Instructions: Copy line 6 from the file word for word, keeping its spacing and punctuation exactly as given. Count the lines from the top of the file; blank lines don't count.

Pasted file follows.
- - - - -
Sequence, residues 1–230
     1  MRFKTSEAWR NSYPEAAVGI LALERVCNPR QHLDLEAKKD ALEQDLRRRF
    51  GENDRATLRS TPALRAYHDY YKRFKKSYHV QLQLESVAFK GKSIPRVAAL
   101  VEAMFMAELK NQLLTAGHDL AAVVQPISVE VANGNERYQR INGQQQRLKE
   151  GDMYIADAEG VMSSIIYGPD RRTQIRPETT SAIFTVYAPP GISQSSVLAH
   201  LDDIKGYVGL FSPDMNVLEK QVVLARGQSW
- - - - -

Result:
   201  LDDIKGYVGL FSPDMNVLEK QVVLARGQSW